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Volksfest 2010

142nd Annual Volksfest
NYC Steuben Parade
Steuben Parade


Steuben Parade

Parade History

The Steuben Parade is named for Baron Frederick Wilhelm von Steuben who came to the American colonies as a volunteer, offering his services to the embattled General George Washington. General von Steuben personally drilled troops, instilling in them much needed inspiration, confidence and competence which was the decisive factor in achieving ultimate victory in the Revolutionary War.

Steuben Pararde Official Website

Baron Von Steuben
Baron Frederick Wilhelm von Steuben

The First Parade

Leaders in the German-American community were keenly aware that many immigrant groups in the Metropolitan Area expressed their pride in their heritage with an annual parade. Why not the German ethnics, one of the most valued and important immigrant groups? After a successful parade in 1957 on Myrtle Avenue in Ridgewood in the predominantly German-American community, sufficient momentum was gained to stage the first German-American Parade on Manhattan's fabulous Fifth Avenue, September 20, 1958. Support for the Parade was outstanding. The Parade lasted two hours, a most impressive display of ethnic culture, pride and heritage, while thousands of marchers, floats and bands were enthusiastically cheered by over 155,000 onlookers along the way.

The Cornflower

The Cornflower, the floral emblem of the Steuben Parade, has a significance far beyond the event with which it has become inseparably identified. It is in fact the ethnic symbol of the German-American community. The idea of such an association goes back before the inception of the Steuben parade. It was first suggested by Walter Rothaug, founding member of the Steuben Society of America, and the idea was introduced at a public event conducted by the Society many years ago.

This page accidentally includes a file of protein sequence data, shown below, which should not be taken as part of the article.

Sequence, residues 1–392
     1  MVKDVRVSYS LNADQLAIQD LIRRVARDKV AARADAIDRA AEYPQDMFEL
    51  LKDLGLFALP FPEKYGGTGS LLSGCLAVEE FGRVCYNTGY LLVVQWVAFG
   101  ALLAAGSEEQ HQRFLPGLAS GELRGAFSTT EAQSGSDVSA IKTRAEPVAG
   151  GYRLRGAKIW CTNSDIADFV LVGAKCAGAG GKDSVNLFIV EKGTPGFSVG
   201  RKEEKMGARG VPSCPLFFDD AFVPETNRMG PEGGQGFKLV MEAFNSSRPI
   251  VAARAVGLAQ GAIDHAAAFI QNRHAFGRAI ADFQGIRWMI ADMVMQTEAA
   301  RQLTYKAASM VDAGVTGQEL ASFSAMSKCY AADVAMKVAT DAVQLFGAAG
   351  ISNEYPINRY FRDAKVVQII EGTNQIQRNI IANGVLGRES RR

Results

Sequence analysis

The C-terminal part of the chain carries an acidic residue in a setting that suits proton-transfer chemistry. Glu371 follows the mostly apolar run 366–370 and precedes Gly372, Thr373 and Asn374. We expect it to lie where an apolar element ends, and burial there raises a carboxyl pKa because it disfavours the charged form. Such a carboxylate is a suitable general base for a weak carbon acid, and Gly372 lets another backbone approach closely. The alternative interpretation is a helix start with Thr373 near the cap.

But why the Cornflower? There are several reasons. This simple flower is found in the grain fields throughout the old country, mingled with the ripening grain, side by side with the red poppy, brightening the countryside everywhere throughout the long summer months. Hence the name "Kornblume" or Cornflower. Although it is not a native flower, it is certainly well-known in the United States under the name of "Bachelor's Button" or "Bluebottle" and widely cultivated in gardens. Blue symbolizes truth and loyalty -- qualities which have long been ascribed to the Germanic people. Sentimental references are even found in history books. The Cornflower was the favorite flower of "Kaiser" Wilhelm I of the Second Empire and that of the charming "Kaiserin" Augusta Victoria.

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